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Handhelds Hardware

Lego Mindstorms Controlled by Pilot Via JINI 135

Posted by CmdrTaco
from the stupid-pda-tricks dept.
Nobody writes "JavaSoft has a cool article on how they've used their JINI technology to allow a Palm Pilot to control a Lego Mindstorms brick. " The scary thing is that this is one of the more useful applications of Java I've seen...
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Lego Mindstorms Controlled by Pilot Via JINI

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  • Tell me about it. I had to scrap my plans to create a fleet of killer Lego robots controlled by my Palm. It violated the licence agreement and they threatened to sue.
  • ... Legos were so much better when I was a child. There was rarely a moment of my childhood when I was not gnawing on those delicious and colorful blocks. They don't taste the same anymore. Did they change the recipe?

  • yeah...this is an interesting topic, i.e. doing distributed computing using ejb jini corba or some such vs. xmlrpc type stuff. ms might be on the winning side.

    there. happy?
  • I have some more photos which I took at JavaOne, on my home page. Check 'em out.

    http://www .white-mountain.org/jamie/news/1999_javaone_photos /mindstorms/ [white-mountain.org]
  • I was talking about the comments in general lines, and the feeling you get from slashdot when you come from a place like javalobby. Not about the CmdrTaco particular comment. :). (sorry for my pathetic english btw).
  • by Neville (88610) on Monday September 13, 1999 @09:14AM (#1684643)
    It's fine to be cynical of Sun's marketing of java, but it's silly to by cynical of the enterprise changes it's undergone over the past year. When will people talk about the actual apps, and not just lump all java stuff together because they're written in the same tongue?

    Anyway, java is highly useful for things like quickly developing complex object and service distribution. For example, encapsulating a service (like a printer in Bangkok, say, wrapped in a java object referenced as an interface), sticking it in a naming directory (could be iiop-based, could be rmi-based, could be something similar to ldap -- java can do it all in a very similar way), and then obtaining a reference to that object and calling its methods from ANY client (an embedded applet on a cellphone, for example) -- this is very cool stuff, and lumping it into the same category as tickertape applets just because they're both java is annoying and ignorant. Should we lump all C stuff together just because it's done in the same language?

    The primary advantage of doing all this in java is not platform independence as much as extremely rapid (thus less costly) development.

    All this is not to say that any of this will run across linux -- based on Gosling's comments here last week, java will run with these legos and on Palm Pilots better than any linux port for the foreseeable future.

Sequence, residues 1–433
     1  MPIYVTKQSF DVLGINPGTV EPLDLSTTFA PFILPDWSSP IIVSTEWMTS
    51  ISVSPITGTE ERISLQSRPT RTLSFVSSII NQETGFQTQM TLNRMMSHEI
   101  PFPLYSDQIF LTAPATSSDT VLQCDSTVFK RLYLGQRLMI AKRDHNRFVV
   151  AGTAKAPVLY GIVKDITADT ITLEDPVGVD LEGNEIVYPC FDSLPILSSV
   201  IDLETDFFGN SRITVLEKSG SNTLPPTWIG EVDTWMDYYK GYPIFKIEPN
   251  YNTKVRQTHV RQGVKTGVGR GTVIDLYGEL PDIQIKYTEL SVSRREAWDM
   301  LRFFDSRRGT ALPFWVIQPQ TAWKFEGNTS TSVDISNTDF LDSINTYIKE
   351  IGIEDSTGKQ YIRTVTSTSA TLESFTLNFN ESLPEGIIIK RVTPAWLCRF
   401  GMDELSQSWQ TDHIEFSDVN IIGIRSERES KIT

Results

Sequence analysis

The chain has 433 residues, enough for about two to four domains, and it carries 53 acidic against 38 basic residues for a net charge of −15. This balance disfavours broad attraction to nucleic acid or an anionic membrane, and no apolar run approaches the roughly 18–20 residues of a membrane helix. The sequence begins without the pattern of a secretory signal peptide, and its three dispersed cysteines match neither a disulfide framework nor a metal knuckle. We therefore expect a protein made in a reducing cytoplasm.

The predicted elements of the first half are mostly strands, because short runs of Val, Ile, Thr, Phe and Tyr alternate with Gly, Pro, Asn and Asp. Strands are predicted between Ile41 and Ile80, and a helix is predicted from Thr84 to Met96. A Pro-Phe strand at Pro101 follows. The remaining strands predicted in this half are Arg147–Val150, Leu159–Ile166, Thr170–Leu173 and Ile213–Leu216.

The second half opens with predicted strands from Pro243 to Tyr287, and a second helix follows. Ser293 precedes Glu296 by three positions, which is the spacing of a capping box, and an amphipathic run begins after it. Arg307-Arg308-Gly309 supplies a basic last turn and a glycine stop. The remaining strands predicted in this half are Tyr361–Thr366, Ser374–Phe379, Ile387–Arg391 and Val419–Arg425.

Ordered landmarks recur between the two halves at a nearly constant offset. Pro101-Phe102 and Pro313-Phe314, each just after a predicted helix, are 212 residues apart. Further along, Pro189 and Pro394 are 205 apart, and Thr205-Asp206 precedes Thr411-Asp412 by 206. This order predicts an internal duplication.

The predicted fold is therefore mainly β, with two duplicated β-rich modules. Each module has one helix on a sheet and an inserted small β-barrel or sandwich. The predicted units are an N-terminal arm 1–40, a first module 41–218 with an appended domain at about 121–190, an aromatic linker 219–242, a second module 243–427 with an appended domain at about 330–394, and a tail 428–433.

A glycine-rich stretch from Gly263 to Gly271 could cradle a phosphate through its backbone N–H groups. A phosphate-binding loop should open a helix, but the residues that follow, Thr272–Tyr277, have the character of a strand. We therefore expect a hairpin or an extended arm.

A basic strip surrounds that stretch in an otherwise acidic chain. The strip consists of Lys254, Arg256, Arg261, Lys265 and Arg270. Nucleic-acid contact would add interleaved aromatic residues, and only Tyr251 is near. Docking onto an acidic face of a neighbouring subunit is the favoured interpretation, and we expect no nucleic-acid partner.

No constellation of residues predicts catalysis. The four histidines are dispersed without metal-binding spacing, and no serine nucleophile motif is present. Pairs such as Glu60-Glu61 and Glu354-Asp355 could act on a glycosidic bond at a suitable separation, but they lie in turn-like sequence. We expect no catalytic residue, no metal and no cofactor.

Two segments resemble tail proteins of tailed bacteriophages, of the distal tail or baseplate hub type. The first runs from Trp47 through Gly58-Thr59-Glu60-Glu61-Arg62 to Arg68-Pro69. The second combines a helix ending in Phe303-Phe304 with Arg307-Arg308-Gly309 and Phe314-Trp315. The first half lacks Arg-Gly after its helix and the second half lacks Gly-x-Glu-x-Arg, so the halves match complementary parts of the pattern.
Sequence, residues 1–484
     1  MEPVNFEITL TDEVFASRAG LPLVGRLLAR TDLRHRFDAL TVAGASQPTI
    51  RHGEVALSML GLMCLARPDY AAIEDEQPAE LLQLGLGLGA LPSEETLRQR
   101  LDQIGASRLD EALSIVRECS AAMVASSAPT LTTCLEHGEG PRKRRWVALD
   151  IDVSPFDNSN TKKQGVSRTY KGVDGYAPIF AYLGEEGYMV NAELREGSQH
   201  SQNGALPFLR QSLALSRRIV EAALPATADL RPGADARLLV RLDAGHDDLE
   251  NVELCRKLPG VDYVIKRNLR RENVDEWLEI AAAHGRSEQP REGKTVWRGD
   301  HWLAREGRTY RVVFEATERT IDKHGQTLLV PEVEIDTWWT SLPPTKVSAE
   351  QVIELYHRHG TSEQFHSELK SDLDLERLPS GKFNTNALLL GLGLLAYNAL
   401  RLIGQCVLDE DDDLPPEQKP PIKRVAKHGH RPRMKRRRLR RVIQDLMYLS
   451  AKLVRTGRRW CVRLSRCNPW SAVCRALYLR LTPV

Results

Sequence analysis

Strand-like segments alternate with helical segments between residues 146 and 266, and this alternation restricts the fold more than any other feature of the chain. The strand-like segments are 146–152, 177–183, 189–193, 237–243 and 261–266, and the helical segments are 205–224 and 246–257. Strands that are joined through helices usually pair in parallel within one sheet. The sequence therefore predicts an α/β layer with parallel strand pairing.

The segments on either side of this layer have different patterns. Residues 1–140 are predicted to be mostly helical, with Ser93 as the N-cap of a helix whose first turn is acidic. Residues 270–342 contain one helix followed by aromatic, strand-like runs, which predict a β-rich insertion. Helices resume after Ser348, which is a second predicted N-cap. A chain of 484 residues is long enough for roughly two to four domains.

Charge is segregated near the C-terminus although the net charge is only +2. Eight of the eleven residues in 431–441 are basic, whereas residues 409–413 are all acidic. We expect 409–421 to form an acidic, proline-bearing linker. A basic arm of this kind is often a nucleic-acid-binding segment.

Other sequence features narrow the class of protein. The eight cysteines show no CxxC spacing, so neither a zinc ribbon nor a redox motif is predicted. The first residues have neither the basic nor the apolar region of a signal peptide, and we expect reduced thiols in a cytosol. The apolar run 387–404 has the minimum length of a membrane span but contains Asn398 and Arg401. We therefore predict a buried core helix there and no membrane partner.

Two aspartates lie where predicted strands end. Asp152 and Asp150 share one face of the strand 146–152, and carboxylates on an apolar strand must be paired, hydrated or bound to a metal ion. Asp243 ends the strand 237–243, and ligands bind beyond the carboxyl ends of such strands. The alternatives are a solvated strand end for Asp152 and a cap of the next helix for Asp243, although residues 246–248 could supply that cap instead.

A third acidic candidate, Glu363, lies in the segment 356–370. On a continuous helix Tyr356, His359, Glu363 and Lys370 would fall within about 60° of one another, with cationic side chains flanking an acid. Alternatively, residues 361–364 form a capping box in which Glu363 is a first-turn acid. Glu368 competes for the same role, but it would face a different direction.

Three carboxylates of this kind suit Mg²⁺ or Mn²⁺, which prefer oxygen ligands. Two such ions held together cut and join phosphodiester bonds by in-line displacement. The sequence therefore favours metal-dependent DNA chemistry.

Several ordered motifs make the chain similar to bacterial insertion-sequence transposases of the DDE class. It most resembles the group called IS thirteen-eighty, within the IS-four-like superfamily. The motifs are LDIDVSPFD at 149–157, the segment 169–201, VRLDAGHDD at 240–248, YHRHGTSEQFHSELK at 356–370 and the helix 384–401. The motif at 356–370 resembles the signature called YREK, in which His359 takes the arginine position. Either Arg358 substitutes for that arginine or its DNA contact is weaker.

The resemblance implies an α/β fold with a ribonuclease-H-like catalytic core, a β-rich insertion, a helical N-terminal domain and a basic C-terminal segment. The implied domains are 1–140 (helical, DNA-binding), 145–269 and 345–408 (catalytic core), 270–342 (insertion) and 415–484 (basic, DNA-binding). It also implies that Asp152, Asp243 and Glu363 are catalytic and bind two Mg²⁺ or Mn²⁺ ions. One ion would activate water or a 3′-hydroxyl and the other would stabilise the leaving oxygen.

• Hallelujah!@

    We can herd the electrons this way and that. Use electromagnetism in so many ways. Yes those are versatile. Hell, to do anything usually that's how it's done. But back to my original point is that it's the device (the PalmPilot) that's special... versatile... extraodinary... and not the language (Java) it was programmed in.

    ---------
    James Crawford
    drachen@thepcmaster.com





  • Palm Pilot powered
    Tiny plastic bricks of joy
    The song of Lego





    .................
  • Why didn't they control the tanks directly from the PalmPilot infra-red ports?

    Because they needed a place to put the Jini Look-Up Service. Mindstorms don't have a JVM (Java Virtual Machine) on them and the Palm Pilot only has the KJVM on it which only has socket support, and not RMI (Remote Method Invocation) which Jini Requires. They were using Jini so that a single Palm could connect to a singe tank with no problems and no hassle; no worries that two people are trying to use the same tank at the same time.

    Were these PalmPilots the ones w/o infra-red ports, or did the infra-red ports not have enough range for the tanks to pick up?

    They were just regular Palm Vs (I think). The range on the Palm Pilots IR *is* really pitiful (something under 2 feet) but that wasn't the point of the demonstration.

    Actually, what was the point of having the Palmpilots in there in the first place, if the workstations were there anyway?

    This was the JavaOne conference! They wanted to show of as much cool tech as they could. The KJVM was the BIG this this year, after all, they were selling Palm Vs for $199 with the KJVM already on it for people to play with. Jini was also a hot item and a really good idea for this particular problem. I believe people used their own Palm Vs to control the Tanks. WAY TOO COOL... :) I get giddy every time I think about it.

  • yep, the palms are running through a Jini proxy as well. all of the source can be found at the link supplied.

    jakd
  • That java would make the *coolest* toys ever made that much cooler...I may have to sell a kidney and pick up as many Mindstorms systems and a Palm Pilot as I can...


    Dan "Don't step on the legos" Turk
  • Well, it doesn't sound that hard to do, but it sure sounds like fun. Turns your pilot into a small remote control!

    Now, just develop a similar app for a Firecracker unit, and freak the girlfriend and the cats by going around the house and not only controlling a robotic Lego set, but turning the lights on and off at will.

    Remote control: man's ultimate fantasy!